The UK services sector experienced the sharpest rise in business activity in more than five years in August, as consumer spending recovered in the wake of the coronavirus crisis.
A closely watched survey by IHS Markit found that the sector’s purchasing managers’ index (PMI) reading came in at 58.8 in August, above the 56.5 from July and sharply higher than the record low of 13.4 in April.
Though the figure was lower than analysts had expected, it is still the highest result since April 2015.
The services sector is hugely important to the UK economy — it includes finance, law, retail, engineering, and consulting — and accounts for around 80% of the country’s economic output.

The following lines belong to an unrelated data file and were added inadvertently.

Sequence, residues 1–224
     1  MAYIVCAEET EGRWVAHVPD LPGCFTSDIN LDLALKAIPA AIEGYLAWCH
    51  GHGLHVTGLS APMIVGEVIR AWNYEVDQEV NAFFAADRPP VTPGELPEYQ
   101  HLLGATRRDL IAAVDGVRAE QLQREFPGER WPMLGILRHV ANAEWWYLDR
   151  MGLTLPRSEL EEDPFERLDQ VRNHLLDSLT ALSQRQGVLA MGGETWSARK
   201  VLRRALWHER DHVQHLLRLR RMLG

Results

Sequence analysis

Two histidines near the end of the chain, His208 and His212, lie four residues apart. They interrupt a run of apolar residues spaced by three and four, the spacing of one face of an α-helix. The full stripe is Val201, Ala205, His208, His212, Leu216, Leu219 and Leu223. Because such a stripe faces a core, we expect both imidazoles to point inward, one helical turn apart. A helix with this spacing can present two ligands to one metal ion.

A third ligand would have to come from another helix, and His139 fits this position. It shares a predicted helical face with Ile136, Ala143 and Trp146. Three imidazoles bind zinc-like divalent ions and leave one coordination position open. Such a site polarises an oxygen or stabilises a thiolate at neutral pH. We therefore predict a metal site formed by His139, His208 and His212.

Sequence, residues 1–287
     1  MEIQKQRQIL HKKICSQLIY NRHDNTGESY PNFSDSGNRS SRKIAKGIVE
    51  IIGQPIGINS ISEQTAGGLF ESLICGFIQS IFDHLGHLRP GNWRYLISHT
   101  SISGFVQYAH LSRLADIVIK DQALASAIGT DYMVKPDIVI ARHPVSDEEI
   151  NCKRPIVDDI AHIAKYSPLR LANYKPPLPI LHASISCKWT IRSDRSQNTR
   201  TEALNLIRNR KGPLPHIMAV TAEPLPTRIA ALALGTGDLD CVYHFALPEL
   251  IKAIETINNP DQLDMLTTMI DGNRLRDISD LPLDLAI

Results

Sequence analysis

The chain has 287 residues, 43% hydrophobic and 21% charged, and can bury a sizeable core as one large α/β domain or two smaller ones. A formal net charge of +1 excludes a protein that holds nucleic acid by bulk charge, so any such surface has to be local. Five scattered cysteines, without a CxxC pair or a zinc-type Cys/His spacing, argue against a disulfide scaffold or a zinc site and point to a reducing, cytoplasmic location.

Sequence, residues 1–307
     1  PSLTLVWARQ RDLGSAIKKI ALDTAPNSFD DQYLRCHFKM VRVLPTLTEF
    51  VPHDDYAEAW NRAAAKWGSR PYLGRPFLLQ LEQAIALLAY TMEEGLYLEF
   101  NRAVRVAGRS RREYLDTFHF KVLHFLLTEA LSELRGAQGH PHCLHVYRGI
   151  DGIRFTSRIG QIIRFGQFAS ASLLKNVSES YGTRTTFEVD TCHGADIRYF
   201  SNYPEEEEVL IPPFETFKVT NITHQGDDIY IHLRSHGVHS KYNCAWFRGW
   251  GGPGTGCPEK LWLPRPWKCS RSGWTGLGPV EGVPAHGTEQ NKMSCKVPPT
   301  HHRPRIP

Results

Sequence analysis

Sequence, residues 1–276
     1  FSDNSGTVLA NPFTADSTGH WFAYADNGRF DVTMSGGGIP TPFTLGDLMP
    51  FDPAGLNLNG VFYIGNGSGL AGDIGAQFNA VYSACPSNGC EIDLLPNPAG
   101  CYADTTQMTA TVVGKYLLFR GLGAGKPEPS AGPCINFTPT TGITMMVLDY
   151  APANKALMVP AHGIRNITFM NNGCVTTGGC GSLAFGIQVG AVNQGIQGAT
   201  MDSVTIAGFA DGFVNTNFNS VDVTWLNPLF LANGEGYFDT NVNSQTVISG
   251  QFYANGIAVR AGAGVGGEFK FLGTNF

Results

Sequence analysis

PMIs are an indicator of private sector activity and are given on a scale of 1 to 100. Anything above 50 signals growth, and anything below means contraction.
Because PMIs measure rate of change, even this rapid expansion of activity does not mean that the sector has recovered from the impact of the crisis. Output still remains far below pre-pandemic levels.
The data follows Tuesday’s PMI reading from the manufacturing sector, where output grew at its fastest pace since May 2014.
The rapid increase in output came as the easing of coronavirus restrictions prompted firms to rapidly scale up production, IHS Markit said.
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